Any successful meeting has these three roles, every time:

how-to-run-a-content-marketing-editorial-meeting-in-copy-image

1. Leader

The leader should explain the goals and expected outcomes of your editorial board meeting, every time. Yvonne Lyons suggests having aYvonne Lyons suggests having a different person run each meeting to avoid stagnation and ensure your teammates stay involved and engaged.

2. Timekeeper

With up to 10 items in your editorial board meetings (see the next section), you’ll need to make sure these meetings stay on track. Your timekeeper should be comfortable pushing back on others, tabling certain discussions so they can be resolved after the meeting, and generally maintaining order.

3. Scribe

New ideas, shifting content priorities, and keen observations may be brought up in your editorial meetings. Having one person write down your meeting “minutes” will help you and your team recall points of interest and take the necessary next steps.

10-Point Agenda for your Content Planning Session

  1. Strategic Updates: Reinforce your content marketing vision, and how this ties to overall business goals.
  2. Upcoming Content: What’s in the pipeline? Do you need to brainstorm as a group? Are we moving in the same direction?
  3. Integration: Do any upcoming article ideas share similar themes? Can you create a series or a hub and spoke campaign? Does any of this online content tie to other marketing or offline efforts?
  4. Distribution: Does the team have opportunities to share or place any of this content on external websites? This can help you develop valuable backlinks to your website.
  5. Grammar Police: Everyone loves a grammar cop. Nevertheless, reinforcing editorial policies, approval guidelines, and best practices in front of the group can be a valuable timesaver. Consider sharing some of the edits you find yourself making time and time again.
  6. Tips and Tricks: Has anyone on the editorial board found online automation tools? Or people within your organization or industry who are great sources for content or interviews?
  7. Pain Points: Which upcoming deadlines are at risk? Are there resources in the room who can help others who are in a bind? Are there bottlenecks in your content approval process?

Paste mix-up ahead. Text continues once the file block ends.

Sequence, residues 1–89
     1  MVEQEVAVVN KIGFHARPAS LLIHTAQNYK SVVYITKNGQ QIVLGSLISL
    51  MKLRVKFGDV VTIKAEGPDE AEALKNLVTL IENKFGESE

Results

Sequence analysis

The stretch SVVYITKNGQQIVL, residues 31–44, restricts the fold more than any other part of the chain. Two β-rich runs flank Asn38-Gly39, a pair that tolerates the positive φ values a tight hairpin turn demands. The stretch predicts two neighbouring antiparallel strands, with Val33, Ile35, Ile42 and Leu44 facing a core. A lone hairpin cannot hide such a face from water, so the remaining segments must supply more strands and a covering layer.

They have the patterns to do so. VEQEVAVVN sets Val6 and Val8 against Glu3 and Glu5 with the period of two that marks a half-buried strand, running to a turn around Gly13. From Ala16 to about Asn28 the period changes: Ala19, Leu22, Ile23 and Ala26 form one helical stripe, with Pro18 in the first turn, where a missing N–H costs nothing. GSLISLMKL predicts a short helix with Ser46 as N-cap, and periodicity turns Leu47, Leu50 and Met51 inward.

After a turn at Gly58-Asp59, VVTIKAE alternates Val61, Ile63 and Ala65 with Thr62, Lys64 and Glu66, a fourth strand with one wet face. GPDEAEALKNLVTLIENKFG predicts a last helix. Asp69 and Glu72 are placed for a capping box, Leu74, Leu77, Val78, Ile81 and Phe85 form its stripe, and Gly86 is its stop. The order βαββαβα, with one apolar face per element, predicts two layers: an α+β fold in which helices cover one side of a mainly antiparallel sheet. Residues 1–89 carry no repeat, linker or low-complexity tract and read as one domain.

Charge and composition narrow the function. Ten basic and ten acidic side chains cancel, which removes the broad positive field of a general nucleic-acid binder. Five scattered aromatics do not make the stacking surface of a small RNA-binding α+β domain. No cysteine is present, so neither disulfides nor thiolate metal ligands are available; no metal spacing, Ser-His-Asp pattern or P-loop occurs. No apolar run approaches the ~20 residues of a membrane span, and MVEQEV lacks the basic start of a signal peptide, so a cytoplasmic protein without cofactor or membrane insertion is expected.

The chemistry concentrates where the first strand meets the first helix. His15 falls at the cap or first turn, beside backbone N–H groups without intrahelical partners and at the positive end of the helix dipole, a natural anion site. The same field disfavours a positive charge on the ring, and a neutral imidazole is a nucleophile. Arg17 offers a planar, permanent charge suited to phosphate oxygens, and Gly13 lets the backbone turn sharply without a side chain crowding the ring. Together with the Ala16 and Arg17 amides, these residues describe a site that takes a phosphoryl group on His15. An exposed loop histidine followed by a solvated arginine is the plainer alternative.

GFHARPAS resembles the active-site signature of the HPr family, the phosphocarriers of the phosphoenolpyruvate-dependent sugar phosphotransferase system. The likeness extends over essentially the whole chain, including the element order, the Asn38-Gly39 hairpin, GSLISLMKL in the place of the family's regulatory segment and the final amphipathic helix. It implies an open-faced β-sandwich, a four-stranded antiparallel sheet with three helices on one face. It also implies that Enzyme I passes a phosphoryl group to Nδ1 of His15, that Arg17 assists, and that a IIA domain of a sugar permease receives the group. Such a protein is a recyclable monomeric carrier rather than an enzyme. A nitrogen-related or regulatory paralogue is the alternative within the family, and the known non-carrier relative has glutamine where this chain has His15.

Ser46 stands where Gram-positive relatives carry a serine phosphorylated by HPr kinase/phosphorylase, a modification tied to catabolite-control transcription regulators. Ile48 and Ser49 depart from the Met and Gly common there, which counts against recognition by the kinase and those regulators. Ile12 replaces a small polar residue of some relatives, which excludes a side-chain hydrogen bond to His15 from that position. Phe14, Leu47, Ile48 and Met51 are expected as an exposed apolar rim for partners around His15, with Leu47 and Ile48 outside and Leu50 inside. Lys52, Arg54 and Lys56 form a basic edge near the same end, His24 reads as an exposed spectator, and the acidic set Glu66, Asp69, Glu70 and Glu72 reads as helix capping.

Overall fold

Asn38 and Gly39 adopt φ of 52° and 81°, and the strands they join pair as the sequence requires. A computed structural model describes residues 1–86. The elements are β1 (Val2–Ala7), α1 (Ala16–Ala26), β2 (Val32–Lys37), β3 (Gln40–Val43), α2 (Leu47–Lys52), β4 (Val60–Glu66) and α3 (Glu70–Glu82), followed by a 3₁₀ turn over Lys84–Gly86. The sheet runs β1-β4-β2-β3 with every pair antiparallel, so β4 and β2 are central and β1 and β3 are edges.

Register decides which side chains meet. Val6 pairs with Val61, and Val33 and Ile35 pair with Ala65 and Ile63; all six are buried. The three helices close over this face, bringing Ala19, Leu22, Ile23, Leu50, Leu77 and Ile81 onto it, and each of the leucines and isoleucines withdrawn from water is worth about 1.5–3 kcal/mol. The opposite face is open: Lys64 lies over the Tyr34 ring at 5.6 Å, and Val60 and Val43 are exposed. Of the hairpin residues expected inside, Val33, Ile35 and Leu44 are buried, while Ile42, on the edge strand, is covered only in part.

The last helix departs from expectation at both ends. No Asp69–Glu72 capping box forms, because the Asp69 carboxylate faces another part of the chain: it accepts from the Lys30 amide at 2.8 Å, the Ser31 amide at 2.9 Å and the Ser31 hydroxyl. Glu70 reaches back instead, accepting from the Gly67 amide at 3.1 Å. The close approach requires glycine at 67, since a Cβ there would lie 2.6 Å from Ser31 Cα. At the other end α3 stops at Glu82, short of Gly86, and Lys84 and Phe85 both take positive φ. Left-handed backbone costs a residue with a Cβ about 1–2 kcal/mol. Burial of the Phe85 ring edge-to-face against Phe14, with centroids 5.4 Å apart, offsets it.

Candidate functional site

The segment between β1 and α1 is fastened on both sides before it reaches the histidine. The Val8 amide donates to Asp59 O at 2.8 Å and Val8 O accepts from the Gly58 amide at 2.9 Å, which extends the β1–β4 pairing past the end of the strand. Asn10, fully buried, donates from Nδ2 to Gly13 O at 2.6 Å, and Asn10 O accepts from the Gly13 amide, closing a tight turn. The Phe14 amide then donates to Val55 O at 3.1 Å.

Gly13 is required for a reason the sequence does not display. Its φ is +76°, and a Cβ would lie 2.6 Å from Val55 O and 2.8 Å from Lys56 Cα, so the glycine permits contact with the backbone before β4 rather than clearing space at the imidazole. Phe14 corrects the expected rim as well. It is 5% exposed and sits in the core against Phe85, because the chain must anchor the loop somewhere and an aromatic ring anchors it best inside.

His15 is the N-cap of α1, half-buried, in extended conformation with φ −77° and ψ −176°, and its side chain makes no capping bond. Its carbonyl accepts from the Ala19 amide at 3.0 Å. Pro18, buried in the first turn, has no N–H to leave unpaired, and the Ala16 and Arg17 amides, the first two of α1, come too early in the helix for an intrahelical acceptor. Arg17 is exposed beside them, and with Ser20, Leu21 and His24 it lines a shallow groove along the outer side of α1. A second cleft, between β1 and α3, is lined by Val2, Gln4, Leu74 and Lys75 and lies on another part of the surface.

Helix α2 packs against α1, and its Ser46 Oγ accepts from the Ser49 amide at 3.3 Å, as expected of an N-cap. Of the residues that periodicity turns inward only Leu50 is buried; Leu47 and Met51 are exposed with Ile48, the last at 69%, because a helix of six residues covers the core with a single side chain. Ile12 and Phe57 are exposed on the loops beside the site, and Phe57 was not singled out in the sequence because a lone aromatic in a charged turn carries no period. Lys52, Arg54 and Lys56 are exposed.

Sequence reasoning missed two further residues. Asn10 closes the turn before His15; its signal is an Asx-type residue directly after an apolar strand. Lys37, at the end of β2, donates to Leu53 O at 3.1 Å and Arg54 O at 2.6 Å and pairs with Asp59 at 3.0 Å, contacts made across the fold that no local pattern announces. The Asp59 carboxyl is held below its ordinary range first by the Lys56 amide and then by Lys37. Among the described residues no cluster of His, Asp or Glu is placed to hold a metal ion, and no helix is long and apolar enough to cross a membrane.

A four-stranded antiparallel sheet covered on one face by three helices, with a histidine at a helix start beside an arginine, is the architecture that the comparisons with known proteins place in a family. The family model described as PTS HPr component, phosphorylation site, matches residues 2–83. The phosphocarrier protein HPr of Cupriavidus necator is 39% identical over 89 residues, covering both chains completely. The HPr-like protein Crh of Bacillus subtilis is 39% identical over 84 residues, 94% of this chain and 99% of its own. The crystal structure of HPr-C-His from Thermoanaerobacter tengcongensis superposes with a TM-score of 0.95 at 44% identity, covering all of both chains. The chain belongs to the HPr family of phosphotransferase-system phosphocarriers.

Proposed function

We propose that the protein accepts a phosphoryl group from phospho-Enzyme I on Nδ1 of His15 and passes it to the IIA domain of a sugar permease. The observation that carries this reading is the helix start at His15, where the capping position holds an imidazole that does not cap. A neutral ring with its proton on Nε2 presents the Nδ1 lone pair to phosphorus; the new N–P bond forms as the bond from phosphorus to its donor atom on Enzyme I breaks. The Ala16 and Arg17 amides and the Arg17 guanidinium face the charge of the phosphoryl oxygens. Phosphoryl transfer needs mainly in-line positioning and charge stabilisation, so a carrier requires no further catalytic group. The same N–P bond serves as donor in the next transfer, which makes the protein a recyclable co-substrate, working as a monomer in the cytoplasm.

8. Results: Share progress, content pieces recently published, milestones reached, metrics, and website trends.
  9. Case Study: Have someone present a success story on a piece of content they developed and published. Perhaps a blog post that earned links or incited comments, an e-book that drove leads, or a video that drove website traffic.
  10. Next Steps and Assignments: As with any meeting, confirm with your attendees who will be working on which upcoming projects, their milestones and deadlines, and what they should do if they encounter obstacles.

Final Tips for Your Content Team Meetings

  • Don’t just rehash your content calendar. That can be accomplished over e-mail or by sharing a Google Doc, Quip spreadsheet, or Trello board.
  • Periodically, plan to have longer editorial meetings where you can have brainstorm sessions or strategic planning sessions. Do whatever you can to maintain energy in these meetings, and eliminate the mundane.
  • Ensure that your content marketing manager or managing editor is constantly teaching and sharing knowledge. I recommend having quarterly training sessions or workshops.

What did we miss? Do you have bi-weekly or monthly content marketing editorial board meetings? What is working or not working for your company? Tell us on social media.